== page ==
For 77 years, General Motors (GM) has been the world’s largest auto manufacturer. That reign has ended with Toyota assuming the number one spot. Ironically, Toyota usurped GM with their sales falling 4 percent (9 million vehicles sold); GM’s drop, however, was a larger at 11 percent (8.4 million).
Amazingly, since 1999, Toyota’s sales have increased 70 percent, largely because of demand for fuel-efficient cars. This is all bittersweet for Toyota as they are forecasting their first operating loss in 71 years. (GM, however, is begging for a bailout.)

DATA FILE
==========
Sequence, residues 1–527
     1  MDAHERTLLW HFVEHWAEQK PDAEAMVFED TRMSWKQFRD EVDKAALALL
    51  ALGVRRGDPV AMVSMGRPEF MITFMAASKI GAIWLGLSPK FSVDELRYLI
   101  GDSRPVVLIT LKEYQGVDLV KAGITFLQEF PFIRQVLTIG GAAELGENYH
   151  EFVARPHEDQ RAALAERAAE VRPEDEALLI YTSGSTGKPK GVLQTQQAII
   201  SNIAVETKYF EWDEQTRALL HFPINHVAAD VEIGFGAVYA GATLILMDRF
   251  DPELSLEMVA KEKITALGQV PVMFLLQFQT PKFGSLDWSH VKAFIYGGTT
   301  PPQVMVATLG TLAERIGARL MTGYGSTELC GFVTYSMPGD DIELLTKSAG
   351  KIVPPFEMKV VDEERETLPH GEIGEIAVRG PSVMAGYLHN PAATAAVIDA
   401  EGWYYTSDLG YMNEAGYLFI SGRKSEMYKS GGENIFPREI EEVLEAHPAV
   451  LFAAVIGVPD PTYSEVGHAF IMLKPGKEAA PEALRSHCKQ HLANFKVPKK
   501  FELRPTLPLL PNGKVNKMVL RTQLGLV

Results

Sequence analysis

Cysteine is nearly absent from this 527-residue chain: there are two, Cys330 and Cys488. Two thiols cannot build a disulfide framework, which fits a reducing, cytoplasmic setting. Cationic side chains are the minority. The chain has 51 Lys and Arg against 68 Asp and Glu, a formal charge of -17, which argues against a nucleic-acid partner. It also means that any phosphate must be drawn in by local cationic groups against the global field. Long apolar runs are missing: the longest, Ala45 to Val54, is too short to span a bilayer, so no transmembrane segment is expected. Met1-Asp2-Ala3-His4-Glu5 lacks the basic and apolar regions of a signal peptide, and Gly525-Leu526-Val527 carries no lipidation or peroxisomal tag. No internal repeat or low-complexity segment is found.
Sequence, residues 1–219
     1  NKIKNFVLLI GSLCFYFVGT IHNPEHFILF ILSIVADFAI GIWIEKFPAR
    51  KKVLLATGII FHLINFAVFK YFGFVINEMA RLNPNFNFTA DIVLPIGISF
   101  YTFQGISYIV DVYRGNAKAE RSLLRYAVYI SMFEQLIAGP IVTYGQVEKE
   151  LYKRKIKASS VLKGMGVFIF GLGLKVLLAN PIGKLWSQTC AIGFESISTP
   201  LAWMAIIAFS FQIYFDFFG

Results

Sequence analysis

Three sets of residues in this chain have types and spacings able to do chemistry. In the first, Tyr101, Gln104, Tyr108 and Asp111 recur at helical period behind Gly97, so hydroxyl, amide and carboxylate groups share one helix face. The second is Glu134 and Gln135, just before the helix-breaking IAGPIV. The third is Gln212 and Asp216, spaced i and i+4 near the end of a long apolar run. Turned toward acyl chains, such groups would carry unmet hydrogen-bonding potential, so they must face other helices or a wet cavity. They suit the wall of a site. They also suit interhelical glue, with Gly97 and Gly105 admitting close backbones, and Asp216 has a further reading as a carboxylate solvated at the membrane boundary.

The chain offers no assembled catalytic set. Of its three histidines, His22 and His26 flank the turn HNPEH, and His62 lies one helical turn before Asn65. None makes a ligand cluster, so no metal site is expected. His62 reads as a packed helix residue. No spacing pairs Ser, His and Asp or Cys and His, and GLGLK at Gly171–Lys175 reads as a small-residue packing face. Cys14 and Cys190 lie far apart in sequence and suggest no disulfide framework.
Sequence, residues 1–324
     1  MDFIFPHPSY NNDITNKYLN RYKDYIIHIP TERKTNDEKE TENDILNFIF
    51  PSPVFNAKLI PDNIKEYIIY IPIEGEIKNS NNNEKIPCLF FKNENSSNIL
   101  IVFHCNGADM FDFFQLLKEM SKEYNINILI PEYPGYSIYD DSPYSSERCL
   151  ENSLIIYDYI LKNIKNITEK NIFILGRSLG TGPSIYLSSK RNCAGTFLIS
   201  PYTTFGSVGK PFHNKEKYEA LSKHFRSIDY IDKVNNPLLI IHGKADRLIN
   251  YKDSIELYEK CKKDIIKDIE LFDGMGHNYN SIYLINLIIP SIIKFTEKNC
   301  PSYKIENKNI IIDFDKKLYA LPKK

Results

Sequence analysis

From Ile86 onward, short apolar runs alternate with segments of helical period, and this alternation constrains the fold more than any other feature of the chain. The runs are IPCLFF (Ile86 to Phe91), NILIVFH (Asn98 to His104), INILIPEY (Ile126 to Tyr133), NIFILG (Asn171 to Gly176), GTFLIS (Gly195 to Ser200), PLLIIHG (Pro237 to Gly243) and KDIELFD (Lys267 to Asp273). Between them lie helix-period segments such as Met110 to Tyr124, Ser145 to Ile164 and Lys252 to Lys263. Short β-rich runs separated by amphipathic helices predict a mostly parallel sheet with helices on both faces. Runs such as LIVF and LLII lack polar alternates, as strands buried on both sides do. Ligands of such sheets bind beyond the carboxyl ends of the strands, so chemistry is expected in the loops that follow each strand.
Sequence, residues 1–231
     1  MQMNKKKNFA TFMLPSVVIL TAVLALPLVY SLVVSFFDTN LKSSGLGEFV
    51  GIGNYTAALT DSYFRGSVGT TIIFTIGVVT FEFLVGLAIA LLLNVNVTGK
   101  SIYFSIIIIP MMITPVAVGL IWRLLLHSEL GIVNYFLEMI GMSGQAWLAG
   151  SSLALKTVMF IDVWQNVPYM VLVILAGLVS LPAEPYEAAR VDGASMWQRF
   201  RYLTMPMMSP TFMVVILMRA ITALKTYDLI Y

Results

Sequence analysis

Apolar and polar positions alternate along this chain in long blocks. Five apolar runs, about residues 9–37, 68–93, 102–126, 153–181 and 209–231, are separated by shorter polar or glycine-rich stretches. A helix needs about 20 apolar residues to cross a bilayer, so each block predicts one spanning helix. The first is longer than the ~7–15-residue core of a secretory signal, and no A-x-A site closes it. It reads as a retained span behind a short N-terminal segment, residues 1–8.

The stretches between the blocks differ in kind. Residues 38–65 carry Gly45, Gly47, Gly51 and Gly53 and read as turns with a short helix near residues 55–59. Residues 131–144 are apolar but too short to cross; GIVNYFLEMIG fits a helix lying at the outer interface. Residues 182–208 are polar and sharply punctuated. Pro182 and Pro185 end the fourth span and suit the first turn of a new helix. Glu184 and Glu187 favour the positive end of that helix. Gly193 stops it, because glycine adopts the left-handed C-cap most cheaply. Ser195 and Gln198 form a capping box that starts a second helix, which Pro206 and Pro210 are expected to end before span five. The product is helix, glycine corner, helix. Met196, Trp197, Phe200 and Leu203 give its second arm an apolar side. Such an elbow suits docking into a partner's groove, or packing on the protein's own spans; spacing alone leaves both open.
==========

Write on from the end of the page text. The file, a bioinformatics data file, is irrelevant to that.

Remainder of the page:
Interestingly, GM took the top spot from Ford in 1931 in midst of the great depression. Now, in the throes of another economic downturn, they are passing the crown unto another.
In hard economic times, there are winners and losers. Those businesses that manage and position themselves well are likely to come out ahead, whereas those who enter a downturn in an already weakened condition, do not fair so well.
Peter Lyle DeHaan, PhD, is an author, blogger, and publisher with over 30 years of writing and publishing experience. Check out his book The Successful Author for insider tips and insights.